Councillors could face automatic disciplinary action if they break the law

Councillors who break the law could face disciplinary action as well as criminal sanctions, even if the offence was committed on their own time, under new rules.

Telford & Wrekin Council will vote on the policy at a later date
Telford & Wrekin Council will vote on the policy at a later date

Telford and Wrekin Council will vote to adopt the new code of conduct, based on a Local Government Association (LGA) model but amended by the borough’s own Standards Committee, at a later date.

Policy and Governance chief Anthea Lowe said the draft code covered occasions when councillors were “on duty” and also “private life” instances when they referenced their elected role or it was clear to the public they had one.

The code would not cover occasions unrelated to the councillor’s public role, but Ms Lowe added that some criminal matters were exceptions to that rule.

They would be automatic disciplinary matters because they would bring the authority and the office into “disrepute, regardless of whether you had identified yourself as a councillor”, she said.

In a report, Ms Lowe said that, at a previous meeting, “members accepted there may be times when the activity or behaviour of a member as a private individual may engage the councillor code of conduct” but some were concerned the LGA’s wording “extended too far into personal matters”.

She proposed adding sections saying: “This code will not apply in relation to your private life unless you make reference to your position.”

Explaining this to the meeting, she said: “For example, if you use social media and have a private account but reference your work as a councillor, show pictures of yourself working as a councillor or otherwise make it clear you are one, this code will apply.

“It’s not just social media. If you were in a shop and said ‘Don’t you know who I am? I am Councillor whoever’, it’s still a reference to being a councillor.”

Her report also recommended adding a section saying: “You should be aware your behaviour in your personal capacity may result in action under this code of conduct if you identify as being a councillor whilst behaving in breach of the code of conduct or if you give members of the public the impression that you are a councillor despite acting in your personal capacity.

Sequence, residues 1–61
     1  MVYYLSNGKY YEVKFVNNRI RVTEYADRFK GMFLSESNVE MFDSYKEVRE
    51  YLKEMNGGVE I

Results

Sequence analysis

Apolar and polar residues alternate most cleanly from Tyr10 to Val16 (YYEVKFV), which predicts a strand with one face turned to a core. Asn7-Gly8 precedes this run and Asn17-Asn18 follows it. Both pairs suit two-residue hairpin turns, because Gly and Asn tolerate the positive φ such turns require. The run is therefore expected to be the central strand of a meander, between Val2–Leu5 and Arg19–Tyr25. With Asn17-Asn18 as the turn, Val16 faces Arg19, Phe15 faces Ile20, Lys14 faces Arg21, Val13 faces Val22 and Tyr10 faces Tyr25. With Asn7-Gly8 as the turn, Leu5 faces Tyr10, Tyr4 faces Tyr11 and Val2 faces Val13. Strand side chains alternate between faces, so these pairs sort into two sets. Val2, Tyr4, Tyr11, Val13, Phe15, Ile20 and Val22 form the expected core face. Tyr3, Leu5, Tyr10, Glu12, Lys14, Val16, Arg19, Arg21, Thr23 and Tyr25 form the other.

“One exception is where you are found guilty of certain criminal offences which would preclude you from being a councillor or would bring the role into disrepute.”

She said: “I included that because there are some criminal offences that are so serious they would disqualify you from being a member and it doesn’t matter whether you’re committing it and referencing the fact that you are a councillor or not.”

The 1972 Local Government Act and 1983 Representation of the People Act place a five-year candidacy ban on people convicted of criminal offences carrying prison terms of three month or more or any illegal election practice.

The committee approved the change by a majority, but Councillor Jacqui Seymour opposed the principle that councillors should sometimes be exempt from disciplinary rules.

“To my mind you are always a councillor,” she said.

Ms Lowe’s report also noted that Telford and Wrekin’s current code requires members to declare “gifts or hospitality which have an estimated value of £25 or above”, but the LGA’s code recommends a £50 threshold. The committee agreed to keep the lower figure.

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